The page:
The UAE-Canada ties have come a long way since the 2010 aviation row, sparked by Ottawa’s denial of more landing rights to Etihad Airways and Emirates Airline.
Currently, the two nations are working toward strengthening their relationship and, as a result, bilateral trade surged by 53 per cent in 2013 to AED9.2 billion, when compared with AED6bn in 2012.
Prior to the 2010 diplomatic clash, the UAE and Canada shared fairly decent political and trade relations. Etihad Airways and Emirates Airlines wanted to increase flights to Canadian cities, pointing out that some 25,000 Canadians and 200 Canadian firms operate in the UAE. However, Air Canada argued that UAE airlines were aiming to steal away connecting passengers that help make its routes profitable. As a result, the UAE government decided to end access to a military base used by the Canadian military to support troops in Afghanistan and also stopped its visa waiver program for Canadians from January 2, 2011. Canadians required pre-approved visas before boarding flights to the UAE.
However, things took a positive turn in April 2013, when UAE’s Foreign Minister, Sheikh Abdullah bin Zayed Al Nahyan, met with his Canadian counterpart, John Baird. Visa restrictions on Canadians were lifted soon after the meeting of government officials last month.
John McAllister, a Canadian, who works as an investment banker at the Dubai International Financial Centre, has been living in the UAE for the past 10 years with his wife and two children. “My mother visits us in Dubai every year from Montreal. During the visa restriction period, she had to postpone or cancel her visit at least once. I am really happy that the two governments have sorted their issues amicably. I know many Canadian families that were affected as result of this diplomatic row.”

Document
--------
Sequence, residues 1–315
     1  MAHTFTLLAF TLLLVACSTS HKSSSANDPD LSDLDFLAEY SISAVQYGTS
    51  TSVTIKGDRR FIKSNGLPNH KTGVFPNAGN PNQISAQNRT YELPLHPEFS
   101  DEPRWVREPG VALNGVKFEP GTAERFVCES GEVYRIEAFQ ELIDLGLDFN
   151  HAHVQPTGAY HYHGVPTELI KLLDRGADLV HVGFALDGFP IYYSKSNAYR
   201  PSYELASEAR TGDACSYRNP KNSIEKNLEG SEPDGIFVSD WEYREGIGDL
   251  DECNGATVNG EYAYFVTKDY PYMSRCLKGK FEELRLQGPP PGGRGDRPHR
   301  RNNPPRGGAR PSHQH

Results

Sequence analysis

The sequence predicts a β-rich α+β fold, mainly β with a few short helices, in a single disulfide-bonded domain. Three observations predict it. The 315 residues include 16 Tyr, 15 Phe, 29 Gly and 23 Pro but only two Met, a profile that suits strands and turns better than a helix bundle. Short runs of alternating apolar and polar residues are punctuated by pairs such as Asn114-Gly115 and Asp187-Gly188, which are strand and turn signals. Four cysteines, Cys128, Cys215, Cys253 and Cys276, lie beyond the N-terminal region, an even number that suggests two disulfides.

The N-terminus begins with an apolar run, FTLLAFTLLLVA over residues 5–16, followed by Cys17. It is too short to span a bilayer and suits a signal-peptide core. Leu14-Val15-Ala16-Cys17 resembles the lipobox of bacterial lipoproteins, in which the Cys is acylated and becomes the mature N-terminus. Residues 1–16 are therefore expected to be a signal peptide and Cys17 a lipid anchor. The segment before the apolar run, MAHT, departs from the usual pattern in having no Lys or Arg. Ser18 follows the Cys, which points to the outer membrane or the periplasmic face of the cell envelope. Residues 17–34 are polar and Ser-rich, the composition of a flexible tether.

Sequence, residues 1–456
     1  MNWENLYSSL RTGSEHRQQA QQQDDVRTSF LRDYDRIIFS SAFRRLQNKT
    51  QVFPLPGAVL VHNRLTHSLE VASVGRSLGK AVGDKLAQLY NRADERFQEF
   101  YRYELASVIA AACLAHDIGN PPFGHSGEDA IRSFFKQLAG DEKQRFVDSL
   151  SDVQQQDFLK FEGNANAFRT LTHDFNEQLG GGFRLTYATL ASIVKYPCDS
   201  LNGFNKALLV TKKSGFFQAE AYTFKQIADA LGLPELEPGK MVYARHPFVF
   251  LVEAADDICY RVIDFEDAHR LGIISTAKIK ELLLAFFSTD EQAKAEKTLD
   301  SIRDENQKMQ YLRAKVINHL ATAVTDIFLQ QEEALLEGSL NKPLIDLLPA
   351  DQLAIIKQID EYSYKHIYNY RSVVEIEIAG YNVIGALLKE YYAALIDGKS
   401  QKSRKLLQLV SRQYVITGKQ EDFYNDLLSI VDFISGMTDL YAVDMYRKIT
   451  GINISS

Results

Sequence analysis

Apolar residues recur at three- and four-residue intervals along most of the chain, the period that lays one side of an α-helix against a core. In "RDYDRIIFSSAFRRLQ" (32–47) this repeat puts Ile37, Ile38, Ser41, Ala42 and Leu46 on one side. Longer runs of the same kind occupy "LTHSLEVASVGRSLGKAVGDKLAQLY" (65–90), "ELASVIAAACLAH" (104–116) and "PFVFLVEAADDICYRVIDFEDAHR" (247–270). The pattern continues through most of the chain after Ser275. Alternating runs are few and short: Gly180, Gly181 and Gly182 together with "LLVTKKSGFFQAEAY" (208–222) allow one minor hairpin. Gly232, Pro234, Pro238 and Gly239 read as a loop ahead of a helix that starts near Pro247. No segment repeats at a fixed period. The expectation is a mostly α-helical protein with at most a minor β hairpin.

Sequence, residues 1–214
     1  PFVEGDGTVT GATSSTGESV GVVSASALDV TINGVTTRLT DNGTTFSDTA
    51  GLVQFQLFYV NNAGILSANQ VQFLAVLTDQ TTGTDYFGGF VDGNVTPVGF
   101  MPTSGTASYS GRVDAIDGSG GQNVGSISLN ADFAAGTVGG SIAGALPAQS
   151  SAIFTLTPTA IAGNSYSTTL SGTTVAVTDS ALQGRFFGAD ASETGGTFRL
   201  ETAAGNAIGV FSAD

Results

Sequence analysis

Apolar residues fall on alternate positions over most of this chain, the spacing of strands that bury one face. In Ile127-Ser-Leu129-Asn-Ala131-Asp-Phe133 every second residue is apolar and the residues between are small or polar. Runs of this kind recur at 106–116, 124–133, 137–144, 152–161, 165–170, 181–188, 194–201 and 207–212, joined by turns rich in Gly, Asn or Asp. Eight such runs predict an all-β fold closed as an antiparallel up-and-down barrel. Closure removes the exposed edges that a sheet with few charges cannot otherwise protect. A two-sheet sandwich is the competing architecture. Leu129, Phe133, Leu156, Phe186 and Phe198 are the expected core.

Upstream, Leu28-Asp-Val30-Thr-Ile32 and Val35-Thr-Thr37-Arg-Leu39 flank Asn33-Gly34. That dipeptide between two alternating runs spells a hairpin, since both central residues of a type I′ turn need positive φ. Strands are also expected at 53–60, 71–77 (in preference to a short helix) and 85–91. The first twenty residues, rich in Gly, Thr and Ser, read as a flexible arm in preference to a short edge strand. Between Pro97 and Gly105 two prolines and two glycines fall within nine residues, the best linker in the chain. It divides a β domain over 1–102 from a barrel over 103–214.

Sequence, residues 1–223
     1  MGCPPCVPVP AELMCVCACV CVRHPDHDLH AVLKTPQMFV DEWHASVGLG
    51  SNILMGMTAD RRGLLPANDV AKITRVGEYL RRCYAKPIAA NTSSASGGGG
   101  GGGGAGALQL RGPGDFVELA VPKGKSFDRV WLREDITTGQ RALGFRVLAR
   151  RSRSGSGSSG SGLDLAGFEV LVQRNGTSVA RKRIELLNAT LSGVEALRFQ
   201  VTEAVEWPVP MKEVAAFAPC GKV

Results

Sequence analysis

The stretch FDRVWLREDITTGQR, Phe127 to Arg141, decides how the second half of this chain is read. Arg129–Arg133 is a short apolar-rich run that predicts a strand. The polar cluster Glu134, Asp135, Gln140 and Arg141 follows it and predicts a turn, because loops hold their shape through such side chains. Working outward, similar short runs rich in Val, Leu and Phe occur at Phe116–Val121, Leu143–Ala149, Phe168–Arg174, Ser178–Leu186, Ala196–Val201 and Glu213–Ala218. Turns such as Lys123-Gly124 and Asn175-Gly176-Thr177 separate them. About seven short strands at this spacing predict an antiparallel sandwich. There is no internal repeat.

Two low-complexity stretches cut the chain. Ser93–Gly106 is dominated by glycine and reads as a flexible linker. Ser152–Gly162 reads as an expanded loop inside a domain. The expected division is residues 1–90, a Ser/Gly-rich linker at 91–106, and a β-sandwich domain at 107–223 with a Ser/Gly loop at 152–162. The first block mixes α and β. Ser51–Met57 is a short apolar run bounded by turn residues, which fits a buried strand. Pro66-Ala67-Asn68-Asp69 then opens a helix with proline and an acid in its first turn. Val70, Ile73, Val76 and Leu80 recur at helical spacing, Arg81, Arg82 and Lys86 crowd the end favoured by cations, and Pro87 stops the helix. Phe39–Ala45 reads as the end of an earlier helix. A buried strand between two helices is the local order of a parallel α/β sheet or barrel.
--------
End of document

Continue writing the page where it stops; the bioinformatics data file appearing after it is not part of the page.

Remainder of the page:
In 2009, from the business perspective, trade between the UAE and Canada stood at $1.2bn, while, last year, it shot up to $2.5bn. Dubai’s foreign trade with Canada scored a 61 per cent growth in Q1 2014 to reach AED2bn, up from AED1.3bn for the same period in 2013, says Sultan Ahmed bin Sulayem, Chairman of Dubai’s Ports, Customs and Free Zone Corporation.
Bin Sulayem explored stronger co-operation with Ed Fast, Canadian Minister of International Trade, as part of the current official visit of Sheikh Abdullah bin Zayed Al Nahyan to Canada. During the meeting in western port city of Vancouver, Bin Sulayem spoke about the role of DP World in supporting the performance of the Vancouver Port by managing a major container terminal, which is considered a main gate for trade between markets in Canada, Asia and the Indian Ocean.
DP World-Vancouver terminal is located in the inner harbor of downtown Vancouver and is a key gateway port for the Trans-Pacific Trades between Asia and the Pacific North West. In addition to serving the local market of British Columbia, DP World Vancouver provides direct daily intermodal rail connection to the important markets of Eastern Canada and the US Mid West, covered by both Canadian Pacific and Canada National Railway.